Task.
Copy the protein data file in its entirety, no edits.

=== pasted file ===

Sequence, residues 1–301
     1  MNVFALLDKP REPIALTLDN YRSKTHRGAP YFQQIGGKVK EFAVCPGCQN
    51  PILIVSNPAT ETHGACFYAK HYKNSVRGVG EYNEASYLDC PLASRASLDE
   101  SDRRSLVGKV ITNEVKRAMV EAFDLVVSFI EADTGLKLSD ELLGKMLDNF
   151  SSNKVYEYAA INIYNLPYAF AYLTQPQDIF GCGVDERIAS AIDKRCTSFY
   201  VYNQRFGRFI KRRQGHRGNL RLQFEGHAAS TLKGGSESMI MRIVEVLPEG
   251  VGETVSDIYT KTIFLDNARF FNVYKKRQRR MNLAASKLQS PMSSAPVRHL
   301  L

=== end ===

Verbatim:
Sequence, residues 1–301
     1  MNVFALLDKP REPIALTLDN YRSKTHRGAP YFQQIGGKVK EFAVCPGCQN
    51  PILIVSNPAT ETHGACFYAK HYKNSVRGVG EYNEASYLDC PLASRASLDE
   101  SDRRSLVGKV ITNEVKRAMV EAFDLVVSFI EADTGLKLSD ELLGKMLDNF
   151  SSNKVYEYAA INIYNLPYAF AYLTQPQDIF GCGVDERIAS AIDKRCTSFY
   201  VYNQRFGRFI KRRQGHRGNL RLQFEGHAAS TLKGGSESMI MRIVEVLPEG
   251  VGETVSDIYT KTIFLDNARF FNVYKKRQRR MNLAASKLQS PMSSAPVRHL
   301  L